Author Felicity Anderson
Britons largest retailer has announced a return to profit, stating that it will also resume dividend payments for shareholders, further signalling improved fortunes.
According to Yahoo, Tesco boss Dave Lewis hailed, “strong progress” as the firm divulged its steep rise in first-half profits to £562m amid tough market conditions.
Rising inflation and fierce competition
Rising inflation and import costs since last year’s Brexit vote, plus fierce competition from discount German supermarkets Aldi and Lidl, saw the retailer battle to keep prices low while boosting sales.
The hard work appears to have paid off, resulting in a rise in pre-tax profits of, “nearly eight times the £71m reported in the same period last year, “ reported The Week.
Tesco told Sky News:
“Market conditions have been challenging with inflationary pressure being felt throughout the half, but we have worked hard with our supplier partners to minimise price increases for customers.
“Our overall sales inflation in the half was around 1% less than the rest of the market, helping us become even more competitive.”
How has Tesco boosted profits?
Revenues grew by 3.7 percent to £28.3 billion over the period, with Yahoo reporting that customers were attracted to Tesco stores by the “lowest level of food price inflation… amongst peers” operating in the UK.
It writes that
“For each £1 worth of sales, Tesco made 2.7p worth of profit during the period, up from 2.2p in the same period a year ago. That demonstrates clearly that Tesco is becoming more efficient.”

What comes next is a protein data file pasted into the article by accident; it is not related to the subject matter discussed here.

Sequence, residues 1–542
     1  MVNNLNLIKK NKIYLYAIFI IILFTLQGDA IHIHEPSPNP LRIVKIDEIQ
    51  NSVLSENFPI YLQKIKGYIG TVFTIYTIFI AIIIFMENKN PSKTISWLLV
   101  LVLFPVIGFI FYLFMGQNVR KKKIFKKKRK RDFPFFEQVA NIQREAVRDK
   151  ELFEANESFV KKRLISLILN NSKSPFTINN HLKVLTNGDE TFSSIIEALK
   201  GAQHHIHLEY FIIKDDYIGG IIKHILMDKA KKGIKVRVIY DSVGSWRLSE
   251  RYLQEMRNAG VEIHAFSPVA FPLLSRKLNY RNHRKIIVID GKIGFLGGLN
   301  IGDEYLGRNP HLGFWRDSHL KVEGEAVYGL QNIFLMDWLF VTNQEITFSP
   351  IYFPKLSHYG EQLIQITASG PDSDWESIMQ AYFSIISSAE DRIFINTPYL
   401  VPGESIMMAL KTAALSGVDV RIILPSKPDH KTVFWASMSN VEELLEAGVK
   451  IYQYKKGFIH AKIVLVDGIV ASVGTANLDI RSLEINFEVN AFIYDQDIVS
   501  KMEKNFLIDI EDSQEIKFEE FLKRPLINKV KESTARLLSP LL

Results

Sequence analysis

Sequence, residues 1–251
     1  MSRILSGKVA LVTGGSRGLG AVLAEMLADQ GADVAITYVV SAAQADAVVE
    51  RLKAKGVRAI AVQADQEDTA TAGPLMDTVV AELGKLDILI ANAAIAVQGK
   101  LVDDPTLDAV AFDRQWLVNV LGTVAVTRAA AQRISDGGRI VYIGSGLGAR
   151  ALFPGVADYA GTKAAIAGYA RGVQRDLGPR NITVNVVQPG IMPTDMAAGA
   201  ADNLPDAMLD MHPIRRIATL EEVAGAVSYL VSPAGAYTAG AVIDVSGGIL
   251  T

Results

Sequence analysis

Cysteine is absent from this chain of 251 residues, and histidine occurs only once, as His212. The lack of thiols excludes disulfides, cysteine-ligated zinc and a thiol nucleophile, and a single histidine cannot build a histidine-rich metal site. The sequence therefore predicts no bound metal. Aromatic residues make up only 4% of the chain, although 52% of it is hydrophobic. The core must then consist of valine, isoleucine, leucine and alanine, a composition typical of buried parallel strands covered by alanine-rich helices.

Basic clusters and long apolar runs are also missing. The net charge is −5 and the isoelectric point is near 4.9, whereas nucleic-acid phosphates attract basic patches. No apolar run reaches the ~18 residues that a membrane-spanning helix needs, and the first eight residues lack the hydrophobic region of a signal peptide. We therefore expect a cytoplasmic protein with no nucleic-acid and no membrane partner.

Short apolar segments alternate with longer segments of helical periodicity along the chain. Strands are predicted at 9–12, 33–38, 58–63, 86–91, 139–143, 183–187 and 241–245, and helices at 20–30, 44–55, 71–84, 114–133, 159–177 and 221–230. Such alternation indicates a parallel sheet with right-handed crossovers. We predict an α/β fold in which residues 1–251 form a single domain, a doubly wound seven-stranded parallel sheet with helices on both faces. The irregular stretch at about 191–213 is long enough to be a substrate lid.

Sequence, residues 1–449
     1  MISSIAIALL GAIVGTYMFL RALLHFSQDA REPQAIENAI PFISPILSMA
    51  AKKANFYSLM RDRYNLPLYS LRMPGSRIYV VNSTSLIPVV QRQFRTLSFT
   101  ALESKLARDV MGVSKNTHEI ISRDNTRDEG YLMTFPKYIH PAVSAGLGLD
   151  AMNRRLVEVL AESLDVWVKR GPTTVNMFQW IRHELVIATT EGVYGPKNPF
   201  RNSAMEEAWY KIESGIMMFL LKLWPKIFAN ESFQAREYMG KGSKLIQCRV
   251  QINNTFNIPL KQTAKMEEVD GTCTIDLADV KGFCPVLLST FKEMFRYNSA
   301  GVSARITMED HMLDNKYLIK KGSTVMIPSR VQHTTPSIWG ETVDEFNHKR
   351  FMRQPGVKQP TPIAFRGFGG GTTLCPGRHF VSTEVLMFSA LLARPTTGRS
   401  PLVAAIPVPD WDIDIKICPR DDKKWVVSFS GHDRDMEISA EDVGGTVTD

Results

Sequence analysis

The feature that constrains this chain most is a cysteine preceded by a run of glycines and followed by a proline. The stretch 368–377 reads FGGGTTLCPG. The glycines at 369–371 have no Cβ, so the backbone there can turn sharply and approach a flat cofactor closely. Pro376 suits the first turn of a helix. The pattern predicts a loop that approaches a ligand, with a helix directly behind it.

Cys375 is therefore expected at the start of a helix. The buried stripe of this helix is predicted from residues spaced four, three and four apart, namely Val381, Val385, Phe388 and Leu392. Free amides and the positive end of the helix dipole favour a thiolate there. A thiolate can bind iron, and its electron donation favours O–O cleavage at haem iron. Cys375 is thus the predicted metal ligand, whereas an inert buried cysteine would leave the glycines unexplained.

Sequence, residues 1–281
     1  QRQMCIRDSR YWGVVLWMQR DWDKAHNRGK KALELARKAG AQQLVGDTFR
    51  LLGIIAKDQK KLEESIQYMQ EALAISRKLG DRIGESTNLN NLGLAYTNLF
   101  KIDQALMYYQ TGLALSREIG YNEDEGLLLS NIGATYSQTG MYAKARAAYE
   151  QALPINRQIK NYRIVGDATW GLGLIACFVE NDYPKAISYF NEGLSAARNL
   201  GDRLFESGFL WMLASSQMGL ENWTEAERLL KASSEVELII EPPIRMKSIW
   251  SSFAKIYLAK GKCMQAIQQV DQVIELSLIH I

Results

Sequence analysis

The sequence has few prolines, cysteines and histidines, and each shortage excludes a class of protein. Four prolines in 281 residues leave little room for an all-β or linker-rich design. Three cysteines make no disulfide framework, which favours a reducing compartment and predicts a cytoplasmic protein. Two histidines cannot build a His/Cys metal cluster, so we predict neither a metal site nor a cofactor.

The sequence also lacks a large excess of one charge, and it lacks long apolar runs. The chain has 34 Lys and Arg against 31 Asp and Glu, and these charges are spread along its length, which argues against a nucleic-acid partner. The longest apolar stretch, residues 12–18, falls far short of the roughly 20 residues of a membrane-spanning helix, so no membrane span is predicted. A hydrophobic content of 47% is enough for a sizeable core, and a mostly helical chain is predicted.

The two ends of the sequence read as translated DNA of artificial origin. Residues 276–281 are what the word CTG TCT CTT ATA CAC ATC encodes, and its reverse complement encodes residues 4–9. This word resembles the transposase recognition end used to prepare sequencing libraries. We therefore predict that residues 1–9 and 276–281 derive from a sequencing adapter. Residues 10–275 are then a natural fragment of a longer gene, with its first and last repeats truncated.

ETX Capital analyst Neil Wilson told the news site that Tesco’s drive to keep down prices was giving the company “an edge over the other big players in terms of coping with discounters,” such as Aldi and Lidl.
“At the same time, it’s making big strides in reducing its own operating costs,” he said.
A return to shareholder dividends
A sure sign of economic recovery is that the supermarket will resume paying dividends for the first time since 2014 when it reportedly overstated its half-year profits by an estimated £250m.
Following the alleged incident, which currently sees three former Tesco executives on trial for, “cooking the books,” current CEO, David Lewis was brought in to replace Philip Clarke, and oversee a drastic restructuring of the firm.
Speaking to Sky News, Hargreaves Lansdown analyst, Laith Khalaf, said there were not,
“many things more telling about the health of a company than its ability to pay a dividend, and Tesco’s return to the register after a three-year hiatus speaks volumes about the progress the company has made.”
The good news comes as Tesco awaits the findings of an investigation probe by the Competition and Markets Authority into its planned £3.7bn takeover of wholesale giant Booker.
Today the Independent reports that Wholesaler Booker said it expected its £3.7bn pound takeover by Tesco,“ to complete early next year,” subject to necessary shareholder approvals, among other things.